With the Windows 7 RC (release candidate) being made available to the general public today, thus sparking more final ship date predictions, now seems a good time to comment on how surprisingly well Microsoft has worked the clocks on its road to Windows 7.
Through the January beta to today’s RC (occasional server crashes notwithstanding), Windows 7 has garnered growing enthusiasm and stayed on a consistent timetable, differentiating itself from embattled predecessor Vista in subtle ways and never framing itself as earth-shatteringly different from Vista because … well … it isn’t, at least not on the backend (security, driver and app compatibility).
It’s just leaner and more flexible and, by most accounts, better. If it isn’t better than Vista, Microsoft will be in a world of hurt. After Vista, Windows 7 will need all the positive vibes it can get. It will also need the agility run on those little things currently sweeping the nation called netbooks.
A lot of this credit for Windows 7 smoothness can go to Windows chief Steven Sinofsky, who has kept the big boat steering in the right direction. Sinofsky’s team has been transparent about Windows 7 features from the beginning, revealing some interface eye candy early on and then slowly spreading the word about “under the hood” security and networking features for enterprises. Yet it did all this without overhyping — something Microsoft arguably did with Vista three years ago.
But Windows 7 is by no means home yet. There were many small changes made between beta and RC that will be scrutinized and a new add-on in the Windows 7 RC called Windows XP Mode, which allows XP users to run applications in a virtual environment within Windows 7, could cause support headaches for IT managers, say industry analysts.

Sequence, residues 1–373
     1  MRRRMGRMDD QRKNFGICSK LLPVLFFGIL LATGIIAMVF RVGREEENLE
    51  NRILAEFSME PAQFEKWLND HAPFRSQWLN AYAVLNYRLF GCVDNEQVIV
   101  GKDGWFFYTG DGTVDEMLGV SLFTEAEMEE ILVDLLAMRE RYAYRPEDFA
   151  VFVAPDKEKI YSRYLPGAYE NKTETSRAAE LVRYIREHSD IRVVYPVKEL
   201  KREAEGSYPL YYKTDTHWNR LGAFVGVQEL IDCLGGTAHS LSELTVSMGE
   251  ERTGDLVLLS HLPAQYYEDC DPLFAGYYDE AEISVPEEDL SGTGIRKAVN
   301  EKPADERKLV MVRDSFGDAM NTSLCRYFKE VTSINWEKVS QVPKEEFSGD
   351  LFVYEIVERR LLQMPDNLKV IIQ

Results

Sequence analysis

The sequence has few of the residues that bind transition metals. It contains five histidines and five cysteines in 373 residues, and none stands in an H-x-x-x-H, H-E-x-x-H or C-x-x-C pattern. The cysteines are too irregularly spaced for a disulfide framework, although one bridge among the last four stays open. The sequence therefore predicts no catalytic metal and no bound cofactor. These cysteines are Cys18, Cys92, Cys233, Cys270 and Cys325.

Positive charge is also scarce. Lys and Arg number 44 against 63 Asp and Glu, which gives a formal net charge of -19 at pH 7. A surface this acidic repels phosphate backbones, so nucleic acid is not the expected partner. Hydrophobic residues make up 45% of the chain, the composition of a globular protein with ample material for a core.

But Windows 7 is moving forward rapidly and efficiently. Microsoft is planning to allow RC downloads to continue through July, and the RC will not expire until June, 2010. There was only one Windows 7 beta and Microsoft has said there will be only one RC before Windows 7 is finalized, and the time between them was relatively short.
Which leads us to those final ship date predictions….
In a recent story, Computerworld reporter Gregg Keizer ran some numbers based on the time between the RC and final release of both Windows XP in 2001 (115 days) and Vista in early 2007 (138 days). Applying these timeframes to the May 5 Windows 7 RC, Windows 7 will ship between August 28 and Sept. 20. That timeframe, which would leave sufficient time for a marketing blitz for the holidays, is consistent with previous predictions from veteran Microsoft bloggers.
October 23 is also getting thrown around as the Windows 7 ship date (apropos of not much, but that also happens to be my birthday).
A UK-based marketing director of PC maker Acer named Bobby Watkins said in a recent interview: “23rd October is the date the Windows 7 will be available. There is a 30 day upgrade time so that customers don’t wait to buy a new computer, so if you buy during that 30 day period, you’ll get a free upgrade to Windows 7.”
Not much subtlety there. It’s almost unnerving how certain he sounds of October 23 (again, my birthday).
Even a Microsoft senior executive, Bill Veghte, said that a 2009 Windows 7 release is “accomplishable.” This is hardly an admission of a pre-holiday Windows 7 release. I’m not even sure “accomplishable” is a word. But still, it beats what the heavily-scripted fleet of Microsoft executives has been saying for what seems like forever. To paraphrase the tired company line: “Windows 7 is expected to release approximately three years from when Windows Vista became generally available to consumers.”
That would be January. And that would be a waste of time given how well Windows 7’s time has been managed so far.